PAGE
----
Societies are also dynamic and change across time. Interviews conducted with researchers and public officials in South Korea and Taiwan suggested multiple ways in which the culture and practices of these societies, protect youth and promote conformity. By contrast, U.S. youth seem more exposed to opportunities and messages that promote deviance. Contrasting the data from these countries with different sociocultural structures, practices and beliefs, Professor Steffensmeier says there might be a way in which adolescence can be shaped to protect individuals from engaging in crime. Social practices that could be applied to reduce the risk for adolescents becoming involved in crime include encouraging adult-youth integration and reducing generational isolation through for example, joint family-youth social activities (e.g. visiting with kin on weekends) and adult-youth work exchanges, community functions and activities. Encouraging conformity with norms that emphasise the good of the group over the individual and providing clarity regarding adolescents’ developmental tasks (preparing for adulthood), is also likely to result in prosocial behaviour. Finally, monitoring and channelling behaviours and drivers (like aggression) that might shape adolescence is an additional important way of mitigating against the chances of a young person starting adult life on a wayward path.
Future Research Goals and Agenda
Professors Steffensmeier and Lu have set out a clear future research agenda with a focus on finding and collecting historical and cross-national crime data that will enable them to better document variations in age distributions of crime, and identify social and cultural practices and historical periods, that might account for this variation. Some of the challenges facing the researchers include accessing crime datasets that include detailed age-distributions in non-Western countries. Additionally, societies and nations are complex, often differing and overlapping in many ways – at times distinctive in their practices, while also increasingly blending and integrating diverse societal values, such that some show more of a combination of individualistic and collectivist values. For Professors Steffensmeier and Lu, the goal of their future research is to develop and offer a better understanding of nations such as the U.S. and U.K. which show adolescent spikes in crime, with a view to developing policies and approaches that protect young people from embarking on pathways with negative outcomes, when they enter adolescence.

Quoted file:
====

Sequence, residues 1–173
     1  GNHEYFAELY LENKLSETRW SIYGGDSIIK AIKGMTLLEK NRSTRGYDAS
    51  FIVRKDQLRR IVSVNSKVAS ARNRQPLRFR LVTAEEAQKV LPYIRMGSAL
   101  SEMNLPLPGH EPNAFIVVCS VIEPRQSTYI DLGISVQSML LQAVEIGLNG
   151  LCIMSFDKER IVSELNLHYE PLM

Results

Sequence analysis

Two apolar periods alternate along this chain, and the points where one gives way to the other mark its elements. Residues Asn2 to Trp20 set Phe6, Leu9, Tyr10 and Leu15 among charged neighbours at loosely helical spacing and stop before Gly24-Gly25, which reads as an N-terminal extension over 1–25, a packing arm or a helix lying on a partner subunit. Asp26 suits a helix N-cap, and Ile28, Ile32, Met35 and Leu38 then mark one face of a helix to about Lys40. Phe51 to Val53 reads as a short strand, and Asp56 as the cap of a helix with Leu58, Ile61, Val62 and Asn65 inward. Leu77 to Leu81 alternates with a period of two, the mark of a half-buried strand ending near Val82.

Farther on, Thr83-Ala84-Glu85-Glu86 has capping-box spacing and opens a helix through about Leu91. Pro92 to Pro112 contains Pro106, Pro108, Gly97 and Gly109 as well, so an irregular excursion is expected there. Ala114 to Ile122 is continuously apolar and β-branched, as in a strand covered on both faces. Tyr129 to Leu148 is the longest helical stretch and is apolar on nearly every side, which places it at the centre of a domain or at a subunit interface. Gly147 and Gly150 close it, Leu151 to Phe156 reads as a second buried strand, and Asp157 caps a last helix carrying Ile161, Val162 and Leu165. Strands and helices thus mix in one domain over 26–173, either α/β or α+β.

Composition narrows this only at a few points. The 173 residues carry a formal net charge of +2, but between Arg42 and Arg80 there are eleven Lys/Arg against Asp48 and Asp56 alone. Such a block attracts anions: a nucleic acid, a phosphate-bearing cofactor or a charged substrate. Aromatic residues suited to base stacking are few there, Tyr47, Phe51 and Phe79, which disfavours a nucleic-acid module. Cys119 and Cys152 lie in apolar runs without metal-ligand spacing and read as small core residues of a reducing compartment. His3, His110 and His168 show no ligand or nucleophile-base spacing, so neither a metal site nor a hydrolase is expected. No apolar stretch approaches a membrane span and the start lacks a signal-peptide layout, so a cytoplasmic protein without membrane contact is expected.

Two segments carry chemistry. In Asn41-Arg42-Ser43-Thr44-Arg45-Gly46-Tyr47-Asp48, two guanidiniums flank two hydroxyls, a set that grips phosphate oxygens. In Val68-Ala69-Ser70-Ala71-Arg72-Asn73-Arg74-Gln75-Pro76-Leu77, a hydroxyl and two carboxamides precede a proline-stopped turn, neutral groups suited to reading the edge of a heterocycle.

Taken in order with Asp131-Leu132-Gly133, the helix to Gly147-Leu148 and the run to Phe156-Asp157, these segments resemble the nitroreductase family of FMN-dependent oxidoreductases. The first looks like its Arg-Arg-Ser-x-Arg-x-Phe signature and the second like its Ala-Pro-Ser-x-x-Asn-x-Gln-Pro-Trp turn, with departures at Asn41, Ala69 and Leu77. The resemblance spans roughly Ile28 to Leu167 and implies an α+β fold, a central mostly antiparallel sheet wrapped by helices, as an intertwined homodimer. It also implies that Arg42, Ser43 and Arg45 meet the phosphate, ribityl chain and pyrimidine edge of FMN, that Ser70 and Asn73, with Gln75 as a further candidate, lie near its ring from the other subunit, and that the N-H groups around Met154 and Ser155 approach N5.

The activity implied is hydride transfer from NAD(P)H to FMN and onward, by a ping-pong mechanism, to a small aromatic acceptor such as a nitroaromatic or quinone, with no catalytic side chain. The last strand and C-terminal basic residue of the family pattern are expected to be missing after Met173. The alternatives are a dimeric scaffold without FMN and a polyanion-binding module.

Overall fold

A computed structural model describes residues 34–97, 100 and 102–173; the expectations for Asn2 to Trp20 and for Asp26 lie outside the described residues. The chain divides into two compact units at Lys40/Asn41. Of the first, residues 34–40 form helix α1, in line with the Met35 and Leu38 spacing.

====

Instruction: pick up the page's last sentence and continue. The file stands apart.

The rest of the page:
What would your starting advice be to societies looking to reduce a high burden of crime?
<> According to Dr Steffensmeier, societies such as South Korea and Taiwan seem to provide considerably more in the way of protective monitoring, institutional engagement, as well as other forms of social “scaffolding” to support, protect, and shape the young adolescent in directions approved by the community or society during the window of vulnerability when the engines of adolescence turn on as a result of pubertal change. Our findings in these eastern countries suggest, that revitalisation of traditional institutions in the lives of teenagers and young adults may help attenuate the relatively high level of crime, particularly youth crime in some western countries.